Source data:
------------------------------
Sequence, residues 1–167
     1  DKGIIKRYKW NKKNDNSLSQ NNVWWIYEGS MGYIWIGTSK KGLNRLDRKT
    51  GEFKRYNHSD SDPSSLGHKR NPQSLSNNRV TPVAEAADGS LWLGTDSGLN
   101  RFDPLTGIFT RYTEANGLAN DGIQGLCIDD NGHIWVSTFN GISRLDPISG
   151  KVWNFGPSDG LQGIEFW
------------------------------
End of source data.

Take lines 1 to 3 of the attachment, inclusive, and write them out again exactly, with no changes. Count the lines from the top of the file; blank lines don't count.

Sequence, residues 1–167
     1  DKGIIKRYKW NKKNDNSLSQ NNVWWIYEGS MGYIWIGTSK KGLNRLDRKT
    51  GEFKRYNHSD SDPSSLGHKR NPQSLSNNRV TPVAEAADGS LWLGTDSGLN